Saturday Seeds – 2 (World of Darkness)

WoD (any): The Embedded Journalist~

A good part of any World of Darkness game is in having the characters always a little worried about what else is out there in the darkness being more angsty, spooky, and manipulative than they themselves are.

Over the years, I have found it helpful to incorporate a character I call by a host of names, my favorite being Leon Philbin, (although that is not his/her/its real name) and his pirate radio broadcast. The set-up is really very easy and quick, but provides a disproportionate response for that minimal effort. In other words, you get a lot of bang for your buck.

I first tried this in university when running Beyond the Supernatural, after seeing Rosencrantz and Gildenstern are Dead. It began as a late-night show on cable that people disregarded, but the characters came to learn had surprisingly accurate information on the things which ailed and assailed them. I later refined it into its present form (Pirate Radio) after watching Forever Knight, and liking the intrusive nature of the Nightcrawler’s broadcasts into Nicholas’ life, and the resulting obsession to listen evoked in Nicholas. More recently it has been referenced in WW’s Europe Sourcebook for the Aesculapians in the Trinity RPG called Shattered Europe, and in Fallout 3, but these are less relevant examples than what you see in Forever Knight.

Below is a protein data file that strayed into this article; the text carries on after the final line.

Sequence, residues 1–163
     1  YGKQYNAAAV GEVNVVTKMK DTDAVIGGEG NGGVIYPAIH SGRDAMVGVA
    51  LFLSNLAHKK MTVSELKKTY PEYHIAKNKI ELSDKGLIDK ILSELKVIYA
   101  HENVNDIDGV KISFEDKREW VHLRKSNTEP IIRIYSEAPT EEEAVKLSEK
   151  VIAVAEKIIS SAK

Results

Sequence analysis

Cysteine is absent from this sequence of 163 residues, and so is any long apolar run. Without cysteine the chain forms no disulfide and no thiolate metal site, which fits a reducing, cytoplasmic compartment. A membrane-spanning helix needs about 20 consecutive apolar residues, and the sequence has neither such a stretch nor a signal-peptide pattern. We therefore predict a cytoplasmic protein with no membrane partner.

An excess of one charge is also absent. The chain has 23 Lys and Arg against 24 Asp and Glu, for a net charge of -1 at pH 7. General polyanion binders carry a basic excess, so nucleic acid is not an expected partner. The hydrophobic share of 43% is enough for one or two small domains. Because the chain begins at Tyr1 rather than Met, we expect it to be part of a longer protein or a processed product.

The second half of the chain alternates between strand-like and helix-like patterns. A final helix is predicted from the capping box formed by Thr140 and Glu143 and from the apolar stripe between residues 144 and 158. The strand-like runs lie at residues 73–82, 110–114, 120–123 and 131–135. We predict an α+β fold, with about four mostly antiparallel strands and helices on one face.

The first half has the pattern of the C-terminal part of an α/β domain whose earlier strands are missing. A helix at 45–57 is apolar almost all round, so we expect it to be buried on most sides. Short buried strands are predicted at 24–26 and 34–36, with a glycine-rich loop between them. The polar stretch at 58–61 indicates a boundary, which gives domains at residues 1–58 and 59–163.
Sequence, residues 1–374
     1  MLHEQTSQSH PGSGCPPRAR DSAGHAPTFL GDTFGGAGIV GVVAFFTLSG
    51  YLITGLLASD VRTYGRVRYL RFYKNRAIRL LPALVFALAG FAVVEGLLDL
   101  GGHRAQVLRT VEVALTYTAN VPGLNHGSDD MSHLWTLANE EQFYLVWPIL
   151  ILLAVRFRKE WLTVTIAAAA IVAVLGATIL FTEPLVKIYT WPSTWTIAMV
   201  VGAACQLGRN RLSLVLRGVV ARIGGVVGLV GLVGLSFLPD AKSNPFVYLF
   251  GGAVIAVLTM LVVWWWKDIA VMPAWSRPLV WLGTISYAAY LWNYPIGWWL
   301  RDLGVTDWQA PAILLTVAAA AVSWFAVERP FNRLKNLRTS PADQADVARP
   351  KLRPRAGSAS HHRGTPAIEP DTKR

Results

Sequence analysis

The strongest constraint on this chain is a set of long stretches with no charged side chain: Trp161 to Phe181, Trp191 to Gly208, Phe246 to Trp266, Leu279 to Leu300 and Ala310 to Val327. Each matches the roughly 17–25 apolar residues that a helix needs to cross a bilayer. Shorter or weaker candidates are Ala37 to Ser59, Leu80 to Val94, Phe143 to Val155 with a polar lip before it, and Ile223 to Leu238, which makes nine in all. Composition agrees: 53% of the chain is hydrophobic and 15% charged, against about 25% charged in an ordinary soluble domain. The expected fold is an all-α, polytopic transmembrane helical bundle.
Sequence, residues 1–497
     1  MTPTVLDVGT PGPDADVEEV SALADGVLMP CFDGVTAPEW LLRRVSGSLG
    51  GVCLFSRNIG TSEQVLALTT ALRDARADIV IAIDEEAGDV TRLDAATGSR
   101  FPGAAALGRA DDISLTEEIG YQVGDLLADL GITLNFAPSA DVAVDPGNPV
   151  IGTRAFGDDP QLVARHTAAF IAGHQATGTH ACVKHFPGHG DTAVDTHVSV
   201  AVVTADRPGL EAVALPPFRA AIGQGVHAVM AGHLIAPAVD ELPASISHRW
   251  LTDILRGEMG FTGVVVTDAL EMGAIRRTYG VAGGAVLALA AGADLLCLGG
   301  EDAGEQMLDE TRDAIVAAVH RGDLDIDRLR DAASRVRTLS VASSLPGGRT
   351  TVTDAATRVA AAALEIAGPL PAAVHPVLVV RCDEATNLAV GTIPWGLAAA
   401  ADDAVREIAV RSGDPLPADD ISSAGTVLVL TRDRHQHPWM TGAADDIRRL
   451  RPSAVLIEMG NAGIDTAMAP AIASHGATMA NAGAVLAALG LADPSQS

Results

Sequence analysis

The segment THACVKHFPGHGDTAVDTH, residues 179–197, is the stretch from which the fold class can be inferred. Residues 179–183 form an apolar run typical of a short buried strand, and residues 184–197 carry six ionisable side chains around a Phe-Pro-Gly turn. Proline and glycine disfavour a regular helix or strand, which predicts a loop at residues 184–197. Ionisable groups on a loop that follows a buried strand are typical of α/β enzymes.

I use a lot of music in my games, and it is simplicity itself to slip in the voice of DJ Leon Philbin wherever and whenever I want it or need it. Using the most basic of recording software, such as what comes free with any Creative product, you can alter your voice in a variety of ways so that it no longer sounds like you. All you need to remember is to keep the false voice consistent, so that the players recognize it when it comes on, and to make certain statements by your DJ be relevant to and useful for the PCs on a fairly regular basis. You want the PCs to want to hear more, you want them to wonder how the DJ knows what he knows, and you want them to suspect that they are being watched.

To give the shows the right feel, the DJ should be something that the characters would normally disregard. For example, in a Mage Chronicle I ran, Leon Philbin sounded like a smooth-talking ladies man interested in very simple, physical pleasures. He reviewed restaurants, various shot offerings at local bars, massage parlours, etc… and in between those ramblings, mentioned details about a serial killer that was plaguing the lives of the player characters. This Chronicle was a cross-over from an earlier Vampire Chronicle. Leon was also surprisingly accurate in his warnings about which bars might leave a patron feeling so light-headed upon exiting that they might almost believe they were a pint low…

How did he know that?